The ACLU suit contends that all five of the councils in Massachusetts are funded entirely with tax dollars and fully staffed by local police departments, and so are subject to the state’s disclosure law.

“NEMLEC can’t have it both ways,” said Kade Crockford, director of technology for the Massachusetts ACLU’s Liberty Project, which is studying how local police departments deploy military surveillance technology and weapons. “They can’t on the one hand raid homes to serve warrants and arrest people — performing public duties with public funds — and then turn around and say their activities should be shielded from public scrutiny because they’re private organizations. One of those things has to be illegal.”

Crockford added that the militarization of police departments that the ACLU report alleges “is directly related to the war on dissent” that is suggested on the NEMLEC web page describing its original reason for being.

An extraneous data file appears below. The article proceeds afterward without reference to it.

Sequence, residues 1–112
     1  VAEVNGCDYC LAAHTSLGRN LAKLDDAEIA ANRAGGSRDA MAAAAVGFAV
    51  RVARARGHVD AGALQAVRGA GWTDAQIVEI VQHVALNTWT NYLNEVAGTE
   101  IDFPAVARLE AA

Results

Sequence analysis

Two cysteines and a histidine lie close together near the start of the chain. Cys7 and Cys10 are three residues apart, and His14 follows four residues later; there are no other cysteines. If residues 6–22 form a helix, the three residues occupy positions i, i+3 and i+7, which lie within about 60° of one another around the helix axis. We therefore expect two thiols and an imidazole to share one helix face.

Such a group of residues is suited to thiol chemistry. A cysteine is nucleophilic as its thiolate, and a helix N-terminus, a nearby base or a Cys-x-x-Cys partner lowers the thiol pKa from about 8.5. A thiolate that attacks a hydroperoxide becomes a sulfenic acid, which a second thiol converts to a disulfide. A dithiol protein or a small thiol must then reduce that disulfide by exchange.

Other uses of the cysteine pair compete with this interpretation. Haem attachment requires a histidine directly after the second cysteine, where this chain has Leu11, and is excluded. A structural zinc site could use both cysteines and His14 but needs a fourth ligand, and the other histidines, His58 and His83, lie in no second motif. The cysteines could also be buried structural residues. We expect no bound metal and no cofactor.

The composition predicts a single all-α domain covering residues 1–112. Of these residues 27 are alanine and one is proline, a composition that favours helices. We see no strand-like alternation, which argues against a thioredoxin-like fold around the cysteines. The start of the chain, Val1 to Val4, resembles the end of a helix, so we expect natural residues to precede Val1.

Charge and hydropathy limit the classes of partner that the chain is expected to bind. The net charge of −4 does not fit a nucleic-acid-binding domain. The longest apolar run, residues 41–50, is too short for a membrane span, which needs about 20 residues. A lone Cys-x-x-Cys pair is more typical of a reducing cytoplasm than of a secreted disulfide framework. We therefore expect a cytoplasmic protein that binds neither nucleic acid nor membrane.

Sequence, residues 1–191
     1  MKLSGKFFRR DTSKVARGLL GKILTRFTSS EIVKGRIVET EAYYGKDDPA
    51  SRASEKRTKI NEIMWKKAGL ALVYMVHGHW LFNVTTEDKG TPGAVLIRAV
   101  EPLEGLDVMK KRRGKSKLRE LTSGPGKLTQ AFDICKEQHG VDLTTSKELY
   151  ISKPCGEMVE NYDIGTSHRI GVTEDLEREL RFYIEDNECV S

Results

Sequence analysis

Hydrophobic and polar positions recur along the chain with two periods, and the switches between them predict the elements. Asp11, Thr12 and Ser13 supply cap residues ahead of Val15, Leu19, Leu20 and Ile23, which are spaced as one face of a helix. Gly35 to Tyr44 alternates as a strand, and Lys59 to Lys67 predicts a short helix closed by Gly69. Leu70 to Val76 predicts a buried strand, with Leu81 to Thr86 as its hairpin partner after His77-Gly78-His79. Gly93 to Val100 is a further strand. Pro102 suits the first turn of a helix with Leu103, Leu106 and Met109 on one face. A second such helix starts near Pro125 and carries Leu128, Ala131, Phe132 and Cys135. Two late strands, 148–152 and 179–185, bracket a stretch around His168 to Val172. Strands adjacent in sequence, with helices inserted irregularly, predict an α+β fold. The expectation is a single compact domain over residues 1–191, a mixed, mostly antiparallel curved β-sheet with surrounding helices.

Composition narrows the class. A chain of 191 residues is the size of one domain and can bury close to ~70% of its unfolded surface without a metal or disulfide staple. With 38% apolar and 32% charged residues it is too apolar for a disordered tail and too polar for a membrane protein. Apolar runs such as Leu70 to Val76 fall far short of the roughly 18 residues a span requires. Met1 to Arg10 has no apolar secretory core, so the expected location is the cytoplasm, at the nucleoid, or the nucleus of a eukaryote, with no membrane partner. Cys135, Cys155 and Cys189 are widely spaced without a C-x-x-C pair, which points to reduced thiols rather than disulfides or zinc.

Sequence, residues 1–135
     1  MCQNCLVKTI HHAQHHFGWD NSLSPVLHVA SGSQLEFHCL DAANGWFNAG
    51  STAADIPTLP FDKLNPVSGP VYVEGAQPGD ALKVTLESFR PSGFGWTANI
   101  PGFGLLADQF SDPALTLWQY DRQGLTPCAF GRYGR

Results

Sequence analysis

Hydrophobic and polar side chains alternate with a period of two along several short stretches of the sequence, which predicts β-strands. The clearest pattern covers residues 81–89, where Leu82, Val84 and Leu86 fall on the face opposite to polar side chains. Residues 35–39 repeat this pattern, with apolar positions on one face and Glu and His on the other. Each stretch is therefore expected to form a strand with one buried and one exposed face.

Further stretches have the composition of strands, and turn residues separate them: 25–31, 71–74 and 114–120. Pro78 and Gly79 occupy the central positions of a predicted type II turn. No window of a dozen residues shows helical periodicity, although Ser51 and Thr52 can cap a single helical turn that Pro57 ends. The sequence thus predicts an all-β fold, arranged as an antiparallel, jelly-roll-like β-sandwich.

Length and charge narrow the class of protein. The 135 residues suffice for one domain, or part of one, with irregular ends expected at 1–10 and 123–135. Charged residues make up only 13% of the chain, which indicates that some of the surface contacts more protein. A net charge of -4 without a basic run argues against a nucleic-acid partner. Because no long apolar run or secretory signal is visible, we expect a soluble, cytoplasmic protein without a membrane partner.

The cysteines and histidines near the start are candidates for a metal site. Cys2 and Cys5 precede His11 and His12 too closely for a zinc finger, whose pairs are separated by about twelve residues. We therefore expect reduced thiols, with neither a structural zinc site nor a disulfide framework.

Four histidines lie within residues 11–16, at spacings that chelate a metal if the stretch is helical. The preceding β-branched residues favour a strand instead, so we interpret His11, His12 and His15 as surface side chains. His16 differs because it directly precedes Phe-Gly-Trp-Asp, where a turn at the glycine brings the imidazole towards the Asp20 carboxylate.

“The idyllic communities described in the NEMLEC website maybe were idyllic for white Vietnam War supporters but due to what appears to be the attitude of a lot of law enforcement agencies toward people who dissent, those communities at the time were likely not a welcome environment to black people or people who did not like the Vietnam War and wanted to talk about it publicly,” Crockford said. “One reason why the militarization of police is dangerous is that it gives police departments, which have that historical tendency, more firepower and technology to monitor and control dissent.